# Fixed-decimal literals have 1-32 digits, an optional leading sign, and a decimal point.  At least one digit must follow the decimal point, but it's permissible to have no digits before the decimal point.  The type of a fixed-decimal literal is decimal(X,Y), where X is the total number of digits and Y is the number of digits to the right of the decimal point.
 +
# String literals are enclosed in double quotes.  An optional ux prefix may appear before the opening double quote.  The ux prefix means the string is defined as Unicode codepoints in hexadecimal.  For example "012" and ux"003000310032" have the same value.  The letters u and x may be in any case.
 +
# A bytes literal is written as 0x or 0X followed by an even number of hexadecimal digits.  For example 0x03AB is a literal whose type is bytes(2).
  
== What's left...<br>  ==
+
== What's left... ==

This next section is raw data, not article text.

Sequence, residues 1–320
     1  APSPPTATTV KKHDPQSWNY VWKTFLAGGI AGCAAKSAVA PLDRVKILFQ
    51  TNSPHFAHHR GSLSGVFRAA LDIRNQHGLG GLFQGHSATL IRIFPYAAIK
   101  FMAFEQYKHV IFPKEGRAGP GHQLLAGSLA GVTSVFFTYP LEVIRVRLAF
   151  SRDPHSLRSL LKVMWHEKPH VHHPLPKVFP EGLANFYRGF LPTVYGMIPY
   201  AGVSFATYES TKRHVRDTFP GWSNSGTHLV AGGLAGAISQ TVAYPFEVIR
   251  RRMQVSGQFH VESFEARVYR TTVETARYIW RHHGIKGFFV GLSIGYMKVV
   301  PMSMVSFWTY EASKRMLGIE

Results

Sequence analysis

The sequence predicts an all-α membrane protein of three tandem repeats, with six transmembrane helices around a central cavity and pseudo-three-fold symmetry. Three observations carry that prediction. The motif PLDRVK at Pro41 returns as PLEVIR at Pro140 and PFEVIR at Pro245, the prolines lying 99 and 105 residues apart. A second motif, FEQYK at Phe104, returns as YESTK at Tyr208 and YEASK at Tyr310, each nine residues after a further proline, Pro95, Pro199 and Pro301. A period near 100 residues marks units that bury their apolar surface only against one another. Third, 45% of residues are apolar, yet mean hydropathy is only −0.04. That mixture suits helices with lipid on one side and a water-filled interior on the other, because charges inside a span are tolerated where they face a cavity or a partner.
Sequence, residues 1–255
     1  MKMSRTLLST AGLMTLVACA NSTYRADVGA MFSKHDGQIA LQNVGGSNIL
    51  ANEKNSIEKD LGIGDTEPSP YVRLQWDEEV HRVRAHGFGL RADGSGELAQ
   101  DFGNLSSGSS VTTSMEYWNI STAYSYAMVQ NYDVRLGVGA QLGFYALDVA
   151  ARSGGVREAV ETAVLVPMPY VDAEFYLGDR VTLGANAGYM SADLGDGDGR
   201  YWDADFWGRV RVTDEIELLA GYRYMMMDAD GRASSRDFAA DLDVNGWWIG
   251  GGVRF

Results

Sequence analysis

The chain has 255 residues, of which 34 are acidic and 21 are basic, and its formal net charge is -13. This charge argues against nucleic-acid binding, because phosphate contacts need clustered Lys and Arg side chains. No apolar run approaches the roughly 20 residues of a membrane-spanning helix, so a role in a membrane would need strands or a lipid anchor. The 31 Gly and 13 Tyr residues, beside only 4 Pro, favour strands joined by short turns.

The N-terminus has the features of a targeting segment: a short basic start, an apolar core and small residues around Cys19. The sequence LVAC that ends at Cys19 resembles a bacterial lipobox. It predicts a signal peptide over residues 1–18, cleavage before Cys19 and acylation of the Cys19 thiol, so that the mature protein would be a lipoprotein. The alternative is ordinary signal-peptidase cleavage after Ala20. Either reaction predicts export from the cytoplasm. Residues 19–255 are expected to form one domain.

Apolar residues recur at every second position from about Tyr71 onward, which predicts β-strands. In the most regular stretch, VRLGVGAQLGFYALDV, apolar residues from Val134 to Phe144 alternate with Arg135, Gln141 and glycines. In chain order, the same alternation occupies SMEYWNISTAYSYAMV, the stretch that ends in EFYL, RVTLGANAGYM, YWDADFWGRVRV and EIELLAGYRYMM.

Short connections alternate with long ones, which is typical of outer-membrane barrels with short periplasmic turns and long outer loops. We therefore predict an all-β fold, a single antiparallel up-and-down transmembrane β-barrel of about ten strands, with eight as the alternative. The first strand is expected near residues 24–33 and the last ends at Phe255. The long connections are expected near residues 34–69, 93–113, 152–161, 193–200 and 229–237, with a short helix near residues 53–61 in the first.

*Revisit decision to not support date and time
 
*Revisit decision to not support char and structured records
 
*Revisit decision to not support move
 
*Revisit decision to not support set (empty and initial)
 
*Literals
 
**null
 
**boolean
 
**integer, fixed-decimal, floating-point
 
**string
 
**char, mbchar, dbchar, hex
 
**literal array
 
**byte
 
**date, time, timestamp
 
 
*Operators and expressions  
 
*Operators and expressions  
 
**result of errors in each case?
 
**result of errors in each case?

Revision as of 15:12, 5 July 2011

General Notes

  • This document is not finished yet!
  • "N/S" means Not Supported.
  • Anything that exists in RBD but isn't mentioned here is not included in EDT. Or maybe we forgot about it. Nobody's perfect.
  • The work in the Core category includes the parser, model, and validation.
  • The work in the JavaScript, Java, and Debug categories includes both the generator and runtime.
  • Developers: include a link to Bugzilla for features not done yet, and mark items "Done" when you're finished.
  • EDT:Discussion topics from the language meetings

Table 1: Part Types

Part Types Core JavaScript Java Debug
DataItem1



Function2, 5



Top-level function2, 5



Delegate2



Record




Structured Record

N/S N/S N/S
ExternalType




Handler




Library




Service




Interface3




Enumeration




Program4

N/S


Array




Nullability




DataTable

N/S N/S N/S
Form